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Basic methods for searching graphs

There are two methods for searching graphs that are extremely prevalent, and will form the foundations for more advanced algorithms later on. These two methods are the Depth First Search and the Breadth First Search.


Depth First Search

The depth first search method, which will utilize a stack. This stack can either by represented explicitly (by a stack data-type in our language) or implicitly when using recursive functions.

Stack is one of the simplest data structures available. There are four main operations on a stack:

Push – Adds an element to the top of the stack
Pop – Removes the top element from the stack
Top – Returns the top element on the stack
Empty – Tests if the stack is empty or not

In Java, we use the Stack class:

import java.util.*;
Stack stack = new Stack();

The depth first search is well geared towards problems where we want to find any solution to the problem (not necessarily the shortest path), or to visit all of the nodes in the graph.

the memory for the implicit stack, is more limited than the general heap memory.

Stack memory is used whenever you call a function; the variables to the function are pushed onto the stack by the compiler for you. When using a recursive function, the variables keep getting pushed on until the function returns. Also any variables the compiler needs to save between function calls must be pushed onto the stack as well. This makes it somewhat difficult to predict if you will run into stack difficulties. I recommend using the explicit Depth First search for every situation you are at least somewhat concerned about recursion depth.

Basic Structure of DFS

void dfs(node start) {
 stack s;
 while (s.empty() == false) {
  top = s.top();
  mark top as visited;

  check for termination condition

  add all of top’s unvisited neighbors to the stack.

  mark top as not visited;

Queue is a simple extension of the stack data type. Whereas the stack is a FILO (first-in last-out) data structure the queue is a FIFO (first-in first-out) data structure.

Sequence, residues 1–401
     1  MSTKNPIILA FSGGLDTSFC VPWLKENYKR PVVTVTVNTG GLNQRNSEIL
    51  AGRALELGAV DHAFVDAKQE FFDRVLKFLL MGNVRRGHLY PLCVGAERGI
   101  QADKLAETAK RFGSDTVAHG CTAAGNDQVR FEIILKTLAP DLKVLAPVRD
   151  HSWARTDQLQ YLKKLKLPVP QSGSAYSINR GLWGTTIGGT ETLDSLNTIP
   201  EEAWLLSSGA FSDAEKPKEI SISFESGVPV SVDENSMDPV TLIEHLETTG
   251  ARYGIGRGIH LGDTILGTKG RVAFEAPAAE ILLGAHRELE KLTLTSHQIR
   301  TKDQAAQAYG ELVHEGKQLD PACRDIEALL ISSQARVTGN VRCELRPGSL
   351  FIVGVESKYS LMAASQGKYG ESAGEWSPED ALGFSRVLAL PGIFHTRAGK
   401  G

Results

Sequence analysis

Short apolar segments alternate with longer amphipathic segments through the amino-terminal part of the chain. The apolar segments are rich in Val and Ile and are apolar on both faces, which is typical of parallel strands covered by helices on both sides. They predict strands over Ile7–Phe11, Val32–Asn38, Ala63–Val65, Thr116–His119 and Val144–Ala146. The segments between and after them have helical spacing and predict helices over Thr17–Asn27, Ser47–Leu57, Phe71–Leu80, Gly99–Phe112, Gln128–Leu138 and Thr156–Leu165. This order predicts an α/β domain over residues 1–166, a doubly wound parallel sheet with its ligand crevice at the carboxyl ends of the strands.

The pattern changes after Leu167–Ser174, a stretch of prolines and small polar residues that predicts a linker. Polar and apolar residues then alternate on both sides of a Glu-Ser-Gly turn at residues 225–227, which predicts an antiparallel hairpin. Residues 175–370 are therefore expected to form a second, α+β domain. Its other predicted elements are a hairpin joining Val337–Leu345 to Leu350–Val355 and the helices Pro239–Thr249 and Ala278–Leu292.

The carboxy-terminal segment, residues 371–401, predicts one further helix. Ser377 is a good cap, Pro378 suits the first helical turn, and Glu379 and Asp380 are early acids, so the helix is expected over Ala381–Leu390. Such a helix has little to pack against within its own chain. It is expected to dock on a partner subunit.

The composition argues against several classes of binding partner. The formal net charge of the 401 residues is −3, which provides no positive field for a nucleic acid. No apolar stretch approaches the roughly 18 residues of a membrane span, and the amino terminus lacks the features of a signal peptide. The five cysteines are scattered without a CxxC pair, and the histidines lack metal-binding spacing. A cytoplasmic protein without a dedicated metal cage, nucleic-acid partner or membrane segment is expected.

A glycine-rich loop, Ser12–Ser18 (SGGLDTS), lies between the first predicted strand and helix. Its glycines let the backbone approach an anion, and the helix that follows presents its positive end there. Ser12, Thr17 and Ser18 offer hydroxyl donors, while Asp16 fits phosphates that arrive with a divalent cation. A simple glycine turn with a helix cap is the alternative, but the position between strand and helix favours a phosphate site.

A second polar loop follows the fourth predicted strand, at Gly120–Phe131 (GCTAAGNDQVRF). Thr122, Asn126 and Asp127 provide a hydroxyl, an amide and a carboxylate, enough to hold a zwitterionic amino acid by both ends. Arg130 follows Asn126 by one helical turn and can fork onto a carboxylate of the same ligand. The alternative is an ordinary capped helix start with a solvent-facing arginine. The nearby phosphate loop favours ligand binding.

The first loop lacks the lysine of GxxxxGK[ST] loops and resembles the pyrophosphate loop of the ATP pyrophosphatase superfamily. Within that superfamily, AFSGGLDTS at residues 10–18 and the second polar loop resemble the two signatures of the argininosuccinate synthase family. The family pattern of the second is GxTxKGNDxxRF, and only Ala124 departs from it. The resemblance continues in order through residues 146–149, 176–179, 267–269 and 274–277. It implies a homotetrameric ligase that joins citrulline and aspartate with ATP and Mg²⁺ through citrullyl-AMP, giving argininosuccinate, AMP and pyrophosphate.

There are four main operations on a queue:

  1. Push – Adds an element to the back of the queue
  2. Pop – Removes the front element from the queue
  3. Front – Returns the front element on the queue
  4. Empty – Tests if the queue is empty or not

In Java, we unfortunately don’t have a Queue class, so we will approximate it with the LinkedList class.The operations map to the LinkedList class as follows:

  1. Push – boolean LinkedList.add(Object o)
  2. Pop – Object LinkedList.removeFirst()
  3. Front – Object LinkedList.getFirst()
  4. Empty – int LinkedList.size()

Breadth First Search
The Breadth First search is an extremely useful searching technique. It differs from the depth-first search in that it uses a queue to perform the search, so the order in which the nodes are visited is quite different. It has the extremely useful property that if all of the edges in a graph are unweighted (or the same weight) then the first time a node is visited is the shortest path to that node from the source node.

void bfs(node start) {
 queue s;
 while (s.empty() == false) {
  top = s.front();
  mark top as visited;

  check for termination condition (have we reached the node we want to?)

  add all of top’s unvisited neighbors to the stack. 

DFS and BFS differ only in the data structure used and BFS doesn’t mark top as unvisited again.

About Mohammad Khazab

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